Negotiating a Better Series A Deal
[Updated 11/18/09, see below] This post is about how to get a better deal from VCs investing in your first round of financing. It is also about how to make the deal into a win-win. The idea for the post came from an exchange with @bakespace about some of the resources for entrepreneurs on FastIgnite.
This is About Series A Deals
Seed investments can be all over the map in terms of size ($50K – $1M+), structure (convertible debt or common/preferred equity), valuation, and investor rights. It’s hard to make generalizations about seed deals.
First-money-in Series A deals, on the other hand, tend to be much more cookie-cutter. Before we talk about why this is the case, let’s put a rough definition around the types of Series A financings I’m referring to:
• Not much has been raised previously—at most a few hundred thousands and ideally nothing.
• The product has not been (fully) built.
• The size of the round is at least $3M but preferably larger.
• You are talking to professional VCs with funds > $100M.
These deals tend be cookie-cutter because they are driven more by the cap table (the list of shareholders in a startup and how many shares they own) than by what the company might be worth independently.
What is Your Startup Worth?
This is a question entrepreneurs think a lot about. They come up with all kinds of arguments for justifying their notion of value pre-funding. The trouble is, most of the arguments are bogus because they miss an important point: a company that needs several million dollars today to build a business is not worth much at all without the dollars.
Say the goal is to stick a flag on top of Everest. You are a great alpinist but you have no money for the expedition. Your friend Bob loves what you do, happens to be excited about you climbing Everest and has tons of dough. Which is more important? Your ability to climb or the financing? You ability to climb is certainly scarcer and hence commands a certain premium, but in the end it’s a partnership. Money without an alpinist can’t get to Everest. An alpinist without funding can’t get to Everest either. It is the combination of the scarce talent (climbing) and the resources to make this talent productive (the dollars) that creates the value.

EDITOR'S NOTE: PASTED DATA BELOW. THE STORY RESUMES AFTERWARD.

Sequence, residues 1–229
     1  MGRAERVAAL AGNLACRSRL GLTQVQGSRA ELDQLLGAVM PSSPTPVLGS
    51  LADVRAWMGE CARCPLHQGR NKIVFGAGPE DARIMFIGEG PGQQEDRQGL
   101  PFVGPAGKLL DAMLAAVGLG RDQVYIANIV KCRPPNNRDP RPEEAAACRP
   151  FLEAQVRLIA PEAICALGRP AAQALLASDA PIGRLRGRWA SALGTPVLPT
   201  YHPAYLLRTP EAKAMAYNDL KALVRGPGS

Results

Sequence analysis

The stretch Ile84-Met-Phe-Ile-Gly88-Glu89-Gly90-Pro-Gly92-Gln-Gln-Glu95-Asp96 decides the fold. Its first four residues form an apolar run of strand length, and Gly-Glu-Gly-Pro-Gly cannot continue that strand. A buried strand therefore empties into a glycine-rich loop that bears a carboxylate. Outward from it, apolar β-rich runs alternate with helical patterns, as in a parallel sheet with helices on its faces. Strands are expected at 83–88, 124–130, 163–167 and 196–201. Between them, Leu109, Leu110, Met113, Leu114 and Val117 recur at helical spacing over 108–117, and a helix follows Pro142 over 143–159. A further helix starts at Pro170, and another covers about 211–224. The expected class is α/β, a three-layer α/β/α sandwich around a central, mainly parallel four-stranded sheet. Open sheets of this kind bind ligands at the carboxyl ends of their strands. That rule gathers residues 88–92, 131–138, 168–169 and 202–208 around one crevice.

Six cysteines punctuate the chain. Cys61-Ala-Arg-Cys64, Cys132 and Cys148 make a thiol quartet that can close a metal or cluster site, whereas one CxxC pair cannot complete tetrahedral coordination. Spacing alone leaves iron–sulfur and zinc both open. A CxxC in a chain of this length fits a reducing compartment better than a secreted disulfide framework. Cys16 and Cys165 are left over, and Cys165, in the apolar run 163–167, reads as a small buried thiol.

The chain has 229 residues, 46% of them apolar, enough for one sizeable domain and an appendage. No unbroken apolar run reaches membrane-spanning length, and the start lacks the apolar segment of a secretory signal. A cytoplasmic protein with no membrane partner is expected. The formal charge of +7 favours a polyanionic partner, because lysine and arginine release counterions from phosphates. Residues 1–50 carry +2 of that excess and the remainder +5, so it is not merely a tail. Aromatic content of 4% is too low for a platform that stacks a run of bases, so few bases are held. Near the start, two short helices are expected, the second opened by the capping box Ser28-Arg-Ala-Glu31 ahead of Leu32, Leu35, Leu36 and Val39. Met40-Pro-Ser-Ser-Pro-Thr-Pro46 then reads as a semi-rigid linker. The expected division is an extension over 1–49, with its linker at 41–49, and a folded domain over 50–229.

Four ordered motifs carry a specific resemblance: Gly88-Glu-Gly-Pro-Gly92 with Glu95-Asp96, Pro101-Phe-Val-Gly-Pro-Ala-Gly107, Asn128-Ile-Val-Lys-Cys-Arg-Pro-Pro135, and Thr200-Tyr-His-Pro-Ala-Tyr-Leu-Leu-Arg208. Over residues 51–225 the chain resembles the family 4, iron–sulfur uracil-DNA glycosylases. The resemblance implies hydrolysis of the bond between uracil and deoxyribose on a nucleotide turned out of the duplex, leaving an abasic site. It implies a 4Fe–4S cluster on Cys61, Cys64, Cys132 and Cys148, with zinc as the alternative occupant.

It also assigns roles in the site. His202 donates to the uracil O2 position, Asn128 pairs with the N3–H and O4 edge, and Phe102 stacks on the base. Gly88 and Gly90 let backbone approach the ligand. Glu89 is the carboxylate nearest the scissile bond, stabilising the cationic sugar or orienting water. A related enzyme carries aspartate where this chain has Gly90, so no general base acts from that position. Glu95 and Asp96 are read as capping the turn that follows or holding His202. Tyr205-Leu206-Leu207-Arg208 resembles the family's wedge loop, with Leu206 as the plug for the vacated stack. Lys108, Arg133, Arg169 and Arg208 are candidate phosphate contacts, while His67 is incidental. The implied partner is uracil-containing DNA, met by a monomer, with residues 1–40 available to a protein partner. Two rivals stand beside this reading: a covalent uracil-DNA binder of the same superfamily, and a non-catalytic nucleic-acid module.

The Series A Valuation Process
What this means for your Series A deal is that, to a large extent, the value of your company is going to be reverse-engineered from the cap table. Here is how this works:
1. You and your investors agree you need $X ($3M, for example)
2. The investors want to own a certain percentage post-financing (I%) (2 x 20% = 40%, for example if two VCs are syndicating the deal)
3. The post-money valuation is now $X/I% or $3M/40% = $7.5M
4. You negotiate the size of the option pool (P%) (25%, for example)
5. Your true pre-money valuation (what the founders’ stake is worth) is $X*[(1-I%-P%)/I%] or $2,625,000.
There are two things to notice about this process. First, at no point did it require justifying the value of the startup. Second, the margin for negotiation is somewhat limited as (a) the option pool size should be budget-driven and (b) most investors, rightly or wrongly, are pretty set on the percentage ownership they require. (The reasons for this have to do with the business models of venture firms—which are too complicated to cover here.)
Without meaningful deal competition, you’ll be unlikely to affect the investor(s) target ownership percentage. So if you really want to get your VCs to take a lower percentage, you’ll have to work a lot harder to generate interest from multiple firms. Either that, or you’ll have to … Next Page »